Thursday, December 22nd, 2011

Thieves Caught Stealing Used Plastic Products for Recycling

Did you know that $10-million worth of used plastic products, and probably more are being stolen each year – and that’s just in California’s Los Angeles County. The county sheriff’s Plastic Theft Task Force earlier this week arrested three people suspected of stealing nearly $250,000 worth of plastic products so they could sell them to recyclers.

I liked the comment by Mark Garrison of SPI: The Plastics Industry Trade Association, who caught the news item on a local radio station: “We finally hit the big time! Plastics are being stolen for their recycling value!” No kidding, and I’m thinking the value must have gone pretty high for the sheriff to set up a task force.

Being stolen may not be the best way for plastics to have its value acknowledged, but it’s already taken too long

for the general public to get it. It’s actually simple: The absolute best thing to do with a used plastic product is put it into a recycling stream, and if recycling isn’t available, put it into a waste-to-energy stream. Burying perfectly reusable plastics in a landfill is just plain wrong, no exceptions. However, the abundance of misinformation circulating about recycling plastics confuses the average person.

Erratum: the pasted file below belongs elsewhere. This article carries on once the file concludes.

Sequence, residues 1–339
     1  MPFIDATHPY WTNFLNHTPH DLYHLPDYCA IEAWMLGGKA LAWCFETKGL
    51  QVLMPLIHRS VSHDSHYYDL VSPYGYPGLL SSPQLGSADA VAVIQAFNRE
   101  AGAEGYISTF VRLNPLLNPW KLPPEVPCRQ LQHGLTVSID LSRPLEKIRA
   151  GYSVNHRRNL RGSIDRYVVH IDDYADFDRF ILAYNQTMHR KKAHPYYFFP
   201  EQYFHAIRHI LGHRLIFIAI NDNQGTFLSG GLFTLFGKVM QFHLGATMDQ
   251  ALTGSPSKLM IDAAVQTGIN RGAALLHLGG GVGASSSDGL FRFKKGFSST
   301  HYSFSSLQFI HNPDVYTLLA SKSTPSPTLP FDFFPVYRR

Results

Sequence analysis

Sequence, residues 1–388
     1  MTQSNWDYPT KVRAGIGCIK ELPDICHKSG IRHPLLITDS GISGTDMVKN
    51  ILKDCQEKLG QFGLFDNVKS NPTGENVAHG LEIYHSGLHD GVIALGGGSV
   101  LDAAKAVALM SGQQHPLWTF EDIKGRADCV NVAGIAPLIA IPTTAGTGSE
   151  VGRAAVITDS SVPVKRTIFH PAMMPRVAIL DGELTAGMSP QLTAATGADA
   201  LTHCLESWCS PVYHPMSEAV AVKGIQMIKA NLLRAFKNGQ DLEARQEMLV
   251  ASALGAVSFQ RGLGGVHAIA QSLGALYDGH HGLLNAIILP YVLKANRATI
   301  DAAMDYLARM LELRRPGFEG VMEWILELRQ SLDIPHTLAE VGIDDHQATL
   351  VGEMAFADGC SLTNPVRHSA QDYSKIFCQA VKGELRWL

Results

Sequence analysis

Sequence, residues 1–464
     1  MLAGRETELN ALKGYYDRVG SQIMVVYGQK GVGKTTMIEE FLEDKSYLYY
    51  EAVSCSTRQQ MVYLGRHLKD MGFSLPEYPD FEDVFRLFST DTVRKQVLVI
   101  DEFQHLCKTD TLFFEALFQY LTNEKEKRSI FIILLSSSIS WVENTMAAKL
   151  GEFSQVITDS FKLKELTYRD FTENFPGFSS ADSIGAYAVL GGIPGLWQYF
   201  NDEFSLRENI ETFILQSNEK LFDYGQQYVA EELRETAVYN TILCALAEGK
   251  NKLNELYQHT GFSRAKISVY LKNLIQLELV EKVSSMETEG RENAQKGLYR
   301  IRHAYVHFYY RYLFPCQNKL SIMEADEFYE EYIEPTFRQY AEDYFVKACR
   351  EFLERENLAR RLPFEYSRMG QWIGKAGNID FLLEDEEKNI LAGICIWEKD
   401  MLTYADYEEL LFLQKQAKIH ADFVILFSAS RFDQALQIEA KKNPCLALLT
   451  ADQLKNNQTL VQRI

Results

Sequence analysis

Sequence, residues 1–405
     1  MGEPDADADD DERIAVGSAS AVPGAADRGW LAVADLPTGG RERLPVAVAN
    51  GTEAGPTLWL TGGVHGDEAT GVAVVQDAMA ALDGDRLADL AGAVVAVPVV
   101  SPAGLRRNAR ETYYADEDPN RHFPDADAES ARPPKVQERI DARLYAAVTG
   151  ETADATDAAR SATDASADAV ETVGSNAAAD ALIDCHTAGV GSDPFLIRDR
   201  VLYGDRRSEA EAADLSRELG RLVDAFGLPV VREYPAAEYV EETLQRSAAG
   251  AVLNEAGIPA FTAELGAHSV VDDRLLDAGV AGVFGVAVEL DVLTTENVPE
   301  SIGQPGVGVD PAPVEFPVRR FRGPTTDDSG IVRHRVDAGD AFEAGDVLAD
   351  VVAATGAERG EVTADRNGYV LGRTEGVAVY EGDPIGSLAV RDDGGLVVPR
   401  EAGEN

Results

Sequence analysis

Most of what is being stolen in Los Angeles County is the plastic pallets, trays, bins, and baskets you see behind stores, especially grocery markets. The task force has recovered over $5 million in stolen trademarked plastics destined for recycling during the preceding four months.

Ask plastic recyclers to list their biggest problems and the difficulty in securing a reliable stream of incoming material will be number one or in the top three. Increasing the number and scope of recycling streams is the obvious solution to that problem. That’s why the plastics industry has been a strong supporter of recycling for decades, both locally and through organizations such as SPI: The Plastics Industry Trade Association. Cutting down on crime may be a good motivation for increased and improved recycling, but really, should it have to come to that?


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